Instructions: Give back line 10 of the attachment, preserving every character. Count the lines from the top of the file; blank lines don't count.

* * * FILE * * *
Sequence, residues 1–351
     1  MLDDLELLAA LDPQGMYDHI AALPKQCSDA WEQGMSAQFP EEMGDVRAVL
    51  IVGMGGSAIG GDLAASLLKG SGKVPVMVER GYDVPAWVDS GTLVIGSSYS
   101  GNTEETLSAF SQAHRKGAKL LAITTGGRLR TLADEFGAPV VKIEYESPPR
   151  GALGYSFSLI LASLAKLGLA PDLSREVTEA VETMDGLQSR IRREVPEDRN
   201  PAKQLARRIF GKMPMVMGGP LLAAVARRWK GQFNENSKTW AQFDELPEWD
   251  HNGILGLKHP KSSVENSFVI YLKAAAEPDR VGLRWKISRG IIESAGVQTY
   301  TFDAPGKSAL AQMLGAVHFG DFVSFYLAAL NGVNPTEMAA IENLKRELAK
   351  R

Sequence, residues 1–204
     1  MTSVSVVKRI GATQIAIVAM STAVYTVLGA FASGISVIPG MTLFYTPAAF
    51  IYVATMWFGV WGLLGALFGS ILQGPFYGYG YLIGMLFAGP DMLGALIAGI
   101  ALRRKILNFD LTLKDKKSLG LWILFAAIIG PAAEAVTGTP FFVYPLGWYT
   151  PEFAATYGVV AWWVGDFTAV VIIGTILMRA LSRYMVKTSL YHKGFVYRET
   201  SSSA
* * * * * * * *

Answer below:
Sequence, residues 1–204